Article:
You’re correct in saying we don’t have to condone anything they’ve done. But you have not given a reason why they have to accept your definition of marriage. That the definition of marriage can change in society without the word ‘marriage’ having lost its definition. After al, this isn’t just anyone changing the definition, it is our legal system that, after careful debate, changed the definition because they felt that the new definition would be more consistent with Constitutional law. And so far, you have not given any reasons why that change was wrong ourside of your simple declaration that marriage must be between a male and a female. We see both heterosexuality and homosexuality in nature, over 1,500 species to be specific and so why not see both as fomring legitimate marital bonds in society?

          • DR84

            Again, if you think there are other definitions, by all means, explain what they are. Defend their coherency while you are at it. What are you waiting for? Is this too hard for you? Why cant you explain how homosexual conduct can be the basis of a true marital bond? What makes it “special”?

            At some point, you actually have to take a stab at explaining and defending your position. You cannot evade it forever.

      • DR84,
        Your declarataion about same-sex marriages is precisely that: your declatarion. And the fact that you prove your declaration by saying it is self-evident, makes it your declaration even more.

        You can disagree with the legalization of same-sex marriage. That is your choice. Its legalization means that society treats those unions as marriages. And your declaration can be used in consultation before the decision for legalization, but that is all it can do.

        In addition, if you choose to use your declaration to not give same-sex marriages what is legally owed them, then you can pay the cost for that. You might want to note that during Jim Crow, Blacks were not recognized as equals, or even people, people by the choice of some and that was despite court cases that prohibited discrimination. But they eventually could not continue that discrimination overtly after the law was enforced.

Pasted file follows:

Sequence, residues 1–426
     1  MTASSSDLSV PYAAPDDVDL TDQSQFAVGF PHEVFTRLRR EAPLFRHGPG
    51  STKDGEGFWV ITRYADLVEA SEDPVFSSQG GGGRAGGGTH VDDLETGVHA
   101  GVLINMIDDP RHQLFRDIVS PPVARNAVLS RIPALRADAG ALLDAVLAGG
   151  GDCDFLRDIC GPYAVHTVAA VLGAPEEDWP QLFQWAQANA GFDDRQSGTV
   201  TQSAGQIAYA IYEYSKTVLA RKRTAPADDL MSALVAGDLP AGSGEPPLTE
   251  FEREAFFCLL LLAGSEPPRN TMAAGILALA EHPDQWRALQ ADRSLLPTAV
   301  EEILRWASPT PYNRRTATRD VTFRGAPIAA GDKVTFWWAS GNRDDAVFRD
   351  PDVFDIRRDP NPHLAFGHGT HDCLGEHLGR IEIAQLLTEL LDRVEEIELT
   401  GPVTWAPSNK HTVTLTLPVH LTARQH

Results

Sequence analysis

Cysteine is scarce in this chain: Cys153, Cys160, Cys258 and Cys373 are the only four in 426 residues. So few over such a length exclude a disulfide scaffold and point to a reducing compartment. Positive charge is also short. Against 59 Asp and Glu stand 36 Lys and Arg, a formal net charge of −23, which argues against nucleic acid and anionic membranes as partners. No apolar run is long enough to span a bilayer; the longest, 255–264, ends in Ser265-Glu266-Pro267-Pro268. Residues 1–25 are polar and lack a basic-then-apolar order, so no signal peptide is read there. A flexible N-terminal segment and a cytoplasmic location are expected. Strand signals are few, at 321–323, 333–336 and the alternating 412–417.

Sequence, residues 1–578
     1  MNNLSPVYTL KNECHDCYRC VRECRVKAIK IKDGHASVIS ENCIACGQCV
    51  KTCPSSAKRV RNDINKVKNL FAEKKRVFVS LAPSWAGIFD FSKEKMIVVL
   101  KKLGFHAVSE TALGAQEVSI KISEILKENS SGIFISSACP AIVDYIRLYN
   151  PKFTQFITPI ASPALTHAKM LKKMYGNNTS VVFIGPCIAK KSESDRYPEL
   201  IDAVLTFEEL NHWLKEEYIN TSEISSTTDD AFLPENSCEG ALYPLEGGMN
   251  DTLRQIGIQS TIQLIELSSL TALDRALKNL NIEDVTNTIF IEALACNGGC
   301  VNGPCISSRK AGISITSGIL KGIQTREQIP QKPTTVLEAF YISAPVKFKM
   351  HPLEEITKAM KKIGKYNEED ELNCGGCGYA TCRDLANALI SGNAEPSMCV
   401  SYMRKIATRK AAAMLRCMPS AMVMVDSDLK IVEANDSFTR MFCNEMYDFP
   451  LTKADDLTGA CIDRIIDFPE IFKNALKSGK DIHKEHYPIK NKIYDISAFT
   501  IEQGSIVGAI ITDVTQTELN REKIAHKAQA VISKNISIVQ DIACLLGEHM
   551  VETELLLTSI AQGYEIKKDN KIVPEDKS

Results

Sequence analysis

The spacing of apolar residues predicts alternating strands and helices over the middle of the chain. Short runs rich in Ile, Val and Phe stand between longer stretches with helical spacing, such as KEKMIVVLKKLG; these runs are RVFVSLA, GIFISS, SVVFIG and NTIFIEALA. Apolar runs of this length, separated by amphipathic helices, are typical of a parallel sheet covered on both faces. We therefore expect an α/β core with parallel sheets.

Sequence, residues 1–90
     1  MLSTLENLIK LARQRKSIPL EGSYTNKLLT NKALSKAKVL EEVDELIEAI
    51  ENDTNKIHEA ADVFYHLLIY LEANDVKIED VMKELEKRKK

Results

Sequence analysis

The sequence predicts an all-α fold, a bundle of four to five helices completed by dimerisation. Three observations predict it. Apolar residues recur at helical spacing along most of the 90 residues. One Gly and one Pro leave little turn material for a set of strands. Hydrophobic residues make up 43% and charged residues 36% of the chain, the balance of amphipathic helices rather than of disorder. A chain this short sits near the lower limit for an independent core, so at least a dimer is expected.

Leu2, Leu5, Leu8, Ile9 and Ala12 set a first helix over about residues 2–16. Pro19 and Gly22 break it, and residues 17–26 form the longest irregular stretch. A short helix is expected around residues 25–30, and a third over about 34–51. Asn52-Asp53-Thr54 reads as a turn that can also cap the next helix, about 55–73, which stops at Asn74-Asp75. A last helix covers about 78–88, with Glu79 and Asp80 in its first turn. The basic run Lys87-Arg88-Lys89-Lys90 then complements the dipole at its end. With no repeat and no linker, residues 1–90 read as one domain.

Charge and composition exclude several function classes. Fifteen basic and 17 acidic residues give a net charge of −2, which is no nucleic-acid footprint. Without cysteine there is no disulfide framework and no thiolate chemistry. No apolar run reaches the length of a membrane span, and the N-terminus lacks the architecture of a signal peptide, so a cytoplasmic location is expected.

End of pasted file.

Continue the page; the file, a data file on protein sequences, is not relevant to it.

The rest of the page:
Basically, you want to you use your presupposed universal definition of marriage to justify discrimination against the LGBT community just like those in South wanted to use their definition of white superiority and entitlement to deny Blacks equal treatment. You want to say that unlike Blacks, that those in the LGBT community do not deserve to be treated as equals. And thus you want a degree of hierarchy where heterosexuals have certain privileges over those in the LGBT community.

        So realize what you are associating the Christian faith with when you presse your position here. When you deny treating those in the LGBT community as equals, you are associating discrimination and even attempts to marginalize those in the LGBT community with the Christian Faith. And if you could look outside your own small world, you would realize thist what I am saying is true.

        However, one can disagree and even say that same-sex relationships are wrong without pressing your position and without marginalizing those in the LGBT community. We have the freedom to do that. What we can’t do is to deny equal treatment to those in the LGBT community regarding what is legally owed to them in society nor should we want to.

        The only way you can deny that deny that your position bears strong similarities to parts of Jim Crow is your personal definition of marriage that you have declared is universal for society but have defended it by claiming it is self-evident. Apparently, you don’t know how democratic societies work nor do you know how to interact with one.

        • DR84

          What is legally owed so called same sex marriages?

          • DR84,
            I wrote the following:


            What we can’t do is to deny equal treatment to those in the LGBT community regarding what is legally owed to them in society nor should we want to.

            So what is your question referring to?

  • wmrharris

    The intertwined nature of church and realm in the UK make their politics far different than that in the United States. A better model of a possible future would be that of Canada.

    On the broader note, it is not the explicitness of the Christian testimony that is likely to shape policy as it is the lived lives with our neighbors. This is where the Benedict Option goes most off track. If our neighbors only know us by or cultural distinctions, then the ability to impact culture shrinks. Rather, it is the working alongside, the sharing of the same spaces (yes, this means the schools) that helps build the trust and common vision that is the true guardian of rights.

  • If, and that’s a big if, admittedly, but if those definitions of extremism currently believed by American adults are allowed to be unchallenged and take root on a broader level, then it is not hard to imagine future legislative actions in America that mirror those in the UK.

    How do you get much more broad than 80%? “There are those who still think they are holding the pass against a revolution that may be coming up the road. But they are gazing in the wrong direction. The revolution is behind them.” –Garet Garrett

    The question is: How do we live now?